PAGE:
# Products in Categories of Manifolds

I'm curious about which (categorical) products exist in the categories of topological manifolds with continuous mappings/smooth manifolds with smooth mappings. Here is what I have so far:

Finite products exist in both categories and are given by the cartesian product of the underlying sets equipped with the product topology. Products of Hausdorff spaces are Hausdorff, at most countable products of second-countable spaces are second-countable and charts on the product are given by products of charts on the factors. In the smooth case, the products of charts from the respective $$C^{\infty}$$-atlases form again a $$C^{\infty}$$-atlas.

Lemma: If $$M,N$$ are top. manifolds of dimension $$m,n$$ respectively and $$m>n$$, there is no continuous injection $$M\rightarrow N$$.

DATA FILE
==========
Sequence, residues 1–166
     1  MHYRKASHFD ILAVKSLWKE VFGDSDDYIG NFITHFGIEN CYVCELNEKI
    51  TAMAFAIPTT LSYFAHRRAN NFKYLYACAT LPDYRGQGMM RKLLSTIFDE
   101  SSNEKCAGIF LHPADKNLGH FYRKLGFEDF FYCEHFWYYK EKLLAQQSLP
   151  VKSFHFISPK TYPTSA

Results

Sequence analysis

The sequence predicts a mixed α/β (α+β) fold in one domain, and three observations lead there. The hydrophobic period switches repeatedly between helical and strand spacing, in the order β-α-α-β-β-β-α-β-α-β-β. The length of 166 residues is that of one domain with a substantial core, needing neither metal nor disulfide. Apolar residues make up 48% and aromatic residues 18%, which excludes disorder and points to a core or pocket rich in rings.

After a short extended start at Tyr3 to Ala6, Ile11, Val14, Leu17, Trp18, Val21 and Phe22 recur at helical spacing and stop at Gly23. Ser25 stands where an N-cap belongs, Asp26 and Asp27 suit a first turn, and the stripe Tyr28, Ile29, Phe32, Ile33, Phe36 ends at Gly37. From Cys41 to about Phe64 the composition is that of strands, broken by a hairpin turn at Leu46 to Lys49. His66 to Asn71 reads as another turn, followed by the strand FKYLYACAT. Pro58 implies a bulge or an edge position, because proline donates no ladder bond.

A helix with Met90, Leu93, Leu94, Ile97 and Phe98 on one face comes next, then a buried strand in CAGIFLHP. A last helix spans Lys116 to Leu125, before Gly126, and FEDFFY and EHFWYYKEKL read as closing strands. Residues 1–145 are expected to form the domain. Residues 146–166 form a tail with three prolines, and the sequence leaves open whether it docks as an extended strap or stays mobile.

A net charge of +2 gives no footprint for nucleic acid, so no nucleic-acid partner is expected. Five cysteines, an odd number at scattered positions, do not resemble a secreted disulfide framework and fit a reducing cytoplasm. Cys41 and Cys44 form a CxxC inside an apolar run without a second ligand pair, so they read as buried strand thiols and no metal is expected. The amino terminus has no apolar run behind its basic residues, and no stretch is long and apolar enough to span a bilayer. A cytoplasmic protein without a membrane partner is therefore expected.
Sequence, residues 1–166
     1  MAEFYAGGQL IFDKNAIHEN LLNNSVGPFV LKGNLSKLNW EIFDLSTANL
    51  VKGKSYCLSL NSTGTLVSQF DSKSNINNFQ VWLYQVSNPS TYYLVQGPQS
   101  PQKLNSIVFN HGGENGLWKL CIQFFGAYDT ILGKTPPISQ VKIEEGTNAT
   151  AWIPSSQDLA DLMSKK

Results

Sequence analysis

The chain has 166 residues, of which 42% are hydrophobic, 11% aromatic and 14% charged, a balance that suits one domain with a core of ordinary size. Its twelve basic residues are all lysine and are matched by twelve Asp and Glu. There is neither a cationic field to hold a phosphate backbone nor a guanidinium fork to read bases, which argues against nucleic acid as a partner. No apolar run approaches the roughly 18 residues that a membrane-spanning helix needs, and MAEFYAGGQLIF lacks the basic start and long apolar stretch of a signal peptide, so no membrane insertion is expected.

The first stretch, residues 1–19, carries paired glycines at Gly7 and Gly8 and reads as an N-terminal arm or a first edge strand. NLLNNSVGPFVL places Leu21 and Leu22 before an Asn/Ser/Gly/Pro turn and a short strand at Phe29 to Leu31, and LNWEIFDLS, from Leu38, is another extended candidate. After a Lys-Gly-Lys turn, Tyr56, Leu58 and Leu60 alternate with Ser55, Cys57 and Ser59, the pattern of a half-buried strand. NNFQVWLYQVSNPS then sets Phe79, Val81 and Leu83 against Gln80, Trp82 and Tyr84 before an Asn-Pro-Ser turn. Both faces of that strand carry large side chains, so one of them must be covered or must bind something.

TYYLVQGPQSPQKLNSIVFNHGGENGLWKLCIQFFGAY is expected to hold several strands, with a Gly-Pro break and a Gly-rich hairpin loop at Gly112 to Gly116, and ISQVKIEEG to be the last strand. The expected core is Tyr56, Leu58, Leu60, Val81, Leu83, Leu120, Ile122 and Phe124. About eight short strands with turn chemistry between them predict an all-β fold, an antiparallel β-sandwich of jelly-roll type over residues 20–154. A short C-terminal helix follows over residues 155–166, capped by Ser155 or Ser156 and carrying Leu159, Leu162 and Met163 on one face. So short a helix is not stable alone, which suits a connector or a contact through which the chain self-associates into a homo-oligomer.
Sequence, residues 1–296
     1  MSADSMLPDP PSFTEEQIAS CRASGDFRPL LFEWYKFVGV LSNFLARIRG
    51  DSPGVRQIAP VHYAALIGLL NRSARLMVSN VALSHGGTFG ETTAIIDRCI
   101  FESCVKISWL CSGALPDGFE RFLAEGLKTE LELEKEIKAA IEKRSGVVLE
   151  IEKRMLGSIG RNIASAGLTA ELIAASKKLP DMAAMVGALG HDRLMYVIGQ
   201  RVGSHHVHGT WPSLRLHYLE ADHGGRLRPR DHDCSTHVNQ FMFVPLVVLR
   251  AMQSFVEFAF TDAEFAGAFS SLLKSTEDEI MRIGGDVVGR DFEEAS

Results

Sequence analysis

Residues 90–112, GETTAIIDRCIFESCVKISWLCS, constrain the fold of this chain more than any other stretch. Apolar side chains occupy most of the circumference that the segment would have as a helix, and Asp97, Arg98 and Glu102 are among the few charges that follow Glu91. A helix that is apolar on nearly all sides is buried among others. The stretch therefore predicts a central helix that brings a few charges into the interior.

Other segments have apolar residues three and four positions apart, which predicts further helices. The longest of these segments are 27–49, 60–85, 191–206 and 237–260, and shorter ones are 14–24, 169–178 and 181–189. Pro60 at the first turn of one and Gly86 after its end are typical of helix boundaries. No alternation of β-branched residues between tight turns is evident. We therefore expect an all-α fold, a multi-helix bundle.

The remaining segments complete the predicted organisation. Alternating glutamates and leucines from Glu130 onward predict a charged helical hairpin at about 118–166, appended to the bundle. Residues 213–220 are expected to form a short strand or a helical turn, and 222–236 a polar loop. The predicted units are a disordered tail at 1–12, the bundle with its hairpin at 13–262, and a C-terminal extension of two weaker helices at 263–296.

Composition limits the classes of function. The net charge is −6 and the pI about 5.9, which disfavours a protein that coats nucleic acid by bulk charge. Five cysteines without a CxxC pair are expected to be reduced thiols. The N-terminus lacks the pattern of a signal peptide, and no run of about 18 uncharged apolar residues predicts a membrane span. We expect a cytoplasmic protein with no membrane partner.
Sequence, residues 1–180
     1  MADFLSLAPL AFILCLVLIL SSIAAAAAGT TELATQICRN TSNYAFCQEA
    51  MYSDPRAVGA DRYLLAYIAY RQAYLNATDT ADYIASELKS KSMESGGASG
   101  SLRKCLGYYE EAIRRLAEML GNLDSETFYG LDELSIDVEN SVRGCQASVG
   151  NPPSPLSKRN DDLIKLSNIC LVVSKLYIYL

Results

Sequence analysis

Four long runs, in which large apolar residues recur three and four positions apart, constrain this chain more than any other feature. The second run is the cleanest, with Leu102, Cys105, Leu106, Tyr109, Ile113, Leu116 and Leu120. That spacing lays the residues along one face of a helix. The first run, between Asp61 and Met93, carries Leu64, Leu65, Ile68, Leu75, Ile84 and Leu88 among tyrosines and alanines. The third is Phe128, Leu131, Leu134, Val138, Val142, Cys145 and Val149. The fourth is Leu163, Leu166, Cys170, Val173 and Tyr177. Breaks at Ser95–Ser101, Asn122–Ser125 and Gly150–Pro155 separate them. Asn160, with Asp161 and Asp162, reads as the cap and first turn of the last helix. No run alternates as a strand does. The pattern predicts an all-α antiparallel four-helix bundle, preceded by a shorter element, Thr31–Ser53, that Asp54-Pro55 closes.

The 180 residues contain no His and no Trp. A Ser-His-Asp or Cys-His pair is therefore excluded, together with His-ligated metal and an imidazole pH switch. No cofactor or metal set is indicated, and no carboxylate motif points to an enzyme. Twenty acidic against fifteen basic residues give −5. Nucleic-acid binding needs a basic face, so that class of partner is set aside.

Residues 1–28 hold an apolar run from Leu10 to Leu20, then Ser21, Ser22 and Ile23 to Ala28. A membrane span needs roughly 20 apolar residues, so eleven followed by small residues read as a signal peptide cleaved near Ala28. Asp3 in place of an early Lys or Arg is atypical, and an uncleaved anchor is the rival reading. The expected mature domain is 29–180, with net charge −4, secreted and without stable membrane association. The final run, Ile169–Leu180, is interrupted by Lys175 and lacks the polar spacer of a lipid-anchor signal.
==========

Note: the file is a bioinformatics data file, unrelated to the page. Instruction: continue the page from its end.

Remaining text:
Proof: Assume $$f\colon M\rightarrow N$$ is a continuous injection. Pick $$p\in M$$ and pick a chart $$\psi\colon V\rightarrow\psi(V)$$ of $$N$$ about $$f(p)$$. Then $$f^{-1}(V)$$ is open, hence contains a chart domain $$U$$ about $$p$$ with corresponding chart $$\varphi\colon U\rightarrow\varphi(U)$$ of $$M$$. Then $$\psi\circ f\circ\varphi^{-1}$$ is a continuous injection from $$\varphi(U)$$ into $$\psi(V)$$, but after post-composing with the inclusion $$\psi(V)\subseteq\mathbb{R}^n\subseteq\mathbb{R}^m$$, invariance of domain implies that $$\psi(V)\times\{0\}^{m-n}$$ is open in $$\mathbb{R}^m$$, which is a contradiction.